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Counter-revolutionary and Revisionist Die on the Same Day

While people were still spilling too much ink writing peonages to a petty bourgeois essayist who, regardless of whatever skill he possessed as a stylist, will eventually be forgotten, two historically important figures died.  Vaclav Havel and Kim Jong-Il are now dead; the closeness of their respective deaths is simultaneously marked by a vast political distance.  Whereas Vaclav Havel represented the aspirations of the global bourgeois class, the frenzied excitement at the collapse of the Eastern Bloc and the elevation of capitalism as "the end of history", Kim Jong-Il represented the continuation of the kind of "communism" that served as a straw-person justification for victorious capitalism.  And the demonization of the latter figure, that will doubtless continue after his passing, will also serve to justify the hagiography of the former.

Indeed, expect the hagiography of Vaclav Havel to reach frenzied heights in upcoming weeks.  Although the cultural industry that thrust him into the position of "velvet revolution" hero was no longer necessary in the decades following the fall of the Berlin Wall, we will all be reminded of his importance, his bravery and self-sacrifice, in innumerable obituaries.  Doubtless, Bono will speak at his funeral and U2 will produce a chart-topping hit about Havel's accomplishments.  The historical amnesia regarding Havel's very existence (for we so often forget the heroes force-fed to us by the bourgeois media industry) will be replaced by that previous historical amnesia, the one that made us believe he was a saint in the first place.  Although we must agree that the state capitalism of Czechoslovakia needed to be criticized by the left, the fact that we were told to celebrate Havel and his "velvet revolution" rather than the Czechoslovakian Communists and their Prague Spring (an authentic communist rebellion against Soviet chauvinism where "Lenin wake up, Brezhnev is speaking bullshit!" was the rallying cry) is the most cynical expression of historical memory.

The official obituaries of Vaclav Havel, all of which will be devoted to elevating the man to the status of St. Francis of Assisi, will never mention that Havel was a dedicated counter-revolutionary, not the humanist that the Bonos of the world like to claim, whose presidency in Czechoslovakia demonstrated, as Michael Parenti pointed out years ago in Blackshirts & Reds, "his reactionary religious obscurantism, his undemocratic suppression of leftist [even anti-communist liberal leftist] opponents, and his profound dedication to economic inequality and an unrestrained free-market capitalism."  And if we were told anything honest about Havel's social background we would know the following:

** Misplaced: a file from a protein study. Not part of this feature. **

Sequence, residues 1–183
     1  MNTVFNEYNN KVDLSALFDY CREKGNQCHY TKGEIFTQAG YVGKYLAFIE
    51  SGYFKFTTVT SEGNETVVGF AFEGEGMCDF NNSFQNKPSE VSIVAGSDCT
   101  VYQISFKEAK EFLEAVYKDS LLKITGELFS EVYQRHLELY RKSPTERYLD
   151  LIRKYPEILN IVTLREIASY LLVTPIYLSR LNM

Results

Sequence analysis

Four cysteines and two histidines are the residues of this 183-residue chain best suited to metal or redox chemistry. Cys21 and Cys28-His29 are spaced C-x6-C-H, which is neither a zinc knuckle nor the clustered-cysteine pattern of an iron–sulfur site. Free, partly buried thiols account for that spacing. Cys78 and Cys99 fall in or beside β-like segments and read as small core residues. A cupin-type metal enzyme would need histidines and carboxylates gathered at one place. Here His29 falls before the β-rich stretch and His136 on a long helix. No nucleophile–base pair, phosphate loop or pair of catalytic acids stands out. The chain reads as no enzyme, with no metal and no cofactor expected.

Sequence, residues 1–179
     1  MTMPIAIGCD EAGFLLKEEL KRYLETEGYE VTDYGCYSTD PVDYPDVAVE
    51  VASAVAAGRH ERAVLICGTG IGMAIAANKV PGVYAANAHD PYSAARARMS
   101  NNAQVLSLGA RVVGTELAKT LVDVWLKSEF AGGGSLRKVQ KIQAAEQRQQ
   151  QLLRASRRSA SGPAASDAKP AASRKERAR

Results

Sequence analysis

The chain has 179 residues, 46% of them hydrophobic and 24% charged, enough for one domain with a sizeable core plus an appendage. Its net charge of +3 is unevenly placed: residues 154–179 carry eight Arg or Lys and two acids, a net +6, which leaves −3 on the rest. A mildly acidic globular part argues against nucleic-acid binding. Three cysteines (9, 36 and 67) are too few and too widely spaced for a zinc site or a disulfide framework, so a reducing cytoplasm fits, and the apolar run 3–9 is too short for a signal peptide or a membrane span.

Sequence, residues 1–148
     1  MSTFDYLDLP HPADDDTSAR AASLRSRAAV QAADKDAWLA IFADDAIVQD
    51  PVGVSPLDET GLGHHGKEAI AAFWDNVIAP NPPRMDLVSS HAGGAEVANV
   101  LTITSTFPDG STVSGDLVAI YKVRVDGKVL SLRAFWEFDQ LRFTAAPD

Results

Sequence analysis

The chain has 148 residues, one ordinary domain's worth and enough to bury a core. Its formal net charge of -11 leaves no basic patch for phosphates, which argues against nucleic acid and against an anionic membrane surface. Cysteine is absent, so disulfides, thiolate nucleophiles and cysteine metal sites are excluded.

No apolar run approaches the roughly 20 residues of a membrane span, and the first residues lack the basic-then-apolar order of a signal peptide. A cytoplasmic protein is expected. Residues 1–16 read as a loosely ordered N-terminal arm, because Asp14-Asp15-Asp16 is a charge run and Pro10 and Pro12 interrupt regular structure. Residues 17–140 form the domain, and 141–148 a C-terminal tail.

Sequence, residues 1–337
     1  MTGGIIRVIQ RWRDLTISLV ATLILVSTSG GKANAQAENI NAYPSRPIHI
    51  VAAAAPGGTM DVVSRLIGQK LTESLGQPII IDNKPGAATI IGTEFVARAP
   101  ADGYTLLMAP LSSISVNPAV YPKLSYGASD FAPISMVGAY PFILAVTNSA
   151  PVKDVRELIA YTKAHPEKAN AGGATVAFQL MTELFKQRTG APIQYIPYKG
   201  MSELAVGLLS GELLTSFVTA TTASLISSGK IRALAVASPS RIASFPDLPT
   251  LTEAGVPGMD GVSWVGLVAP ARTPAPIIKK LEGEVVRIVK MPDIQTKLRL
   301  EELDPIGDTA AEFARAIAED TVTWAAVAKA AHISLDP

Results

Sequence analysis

"Raised by governesses and chauffeurs in a wealthy anti-communist family, Havel denounced democracy's 'cult of objectivity and statistical average' and the idea that rational, collective social efforts should be applied to solving the environmental crisis." (Parenti, 97)
Havel also whole-heartedly supported the original Gulf War, suspended his own parliament when he was in power so that he could rule without worrying about constitutional niceties (and to speed up free-market reforms), sold weapons to the repressive regimes in the Philippines and Thailand, signed a law that made the advocation of socialism in Czechoslovakia a felony, advocated that any self-proclaimed "communist" be barred from employment, and passed a law that made criticisms of corporations a "hate crime."  He regained his family fortune, becoming extremely wealthy, while pushing through privatization laws that ensured massive poverty.

And yet we will celebrate him as a hero, a great statesman, a pacifist standing against "totalitarianism."  Especially since he died almost simultaneously to Kim Jong-Il, the perfect spectre of the very totalitarianism we are told communism means.  So while Havel's praises are sung with utter historical amnesia, Kim Jong-Il's crimes will be perfectly remembered (along with a bunch that will be added without any historical evidence).  A saint and a demon, we will be told, died on the same day: a tragedy and celebration at the same time.